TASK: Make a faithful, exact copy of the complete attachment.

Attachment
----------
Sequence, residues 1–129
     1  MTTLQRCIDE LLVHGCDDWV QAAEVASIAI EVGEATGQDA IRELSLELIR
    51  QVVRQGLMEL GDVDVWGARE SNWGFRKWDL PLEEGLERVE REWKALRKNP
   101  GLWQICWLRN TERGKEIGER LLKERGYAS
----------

Sequence, residues 1–129
     1  MTTLQRCIDE LLVHGCDDWV QAAEVASIAI EVGEATGQDA IRELSLELIR
    51  QVVRQGLMEL GDVDVWGARE SNWGFRKWDL PLEEGLERVE REWKALRKNP
   101  GLWQICWLRN TERGKEIGER LLKERGYAS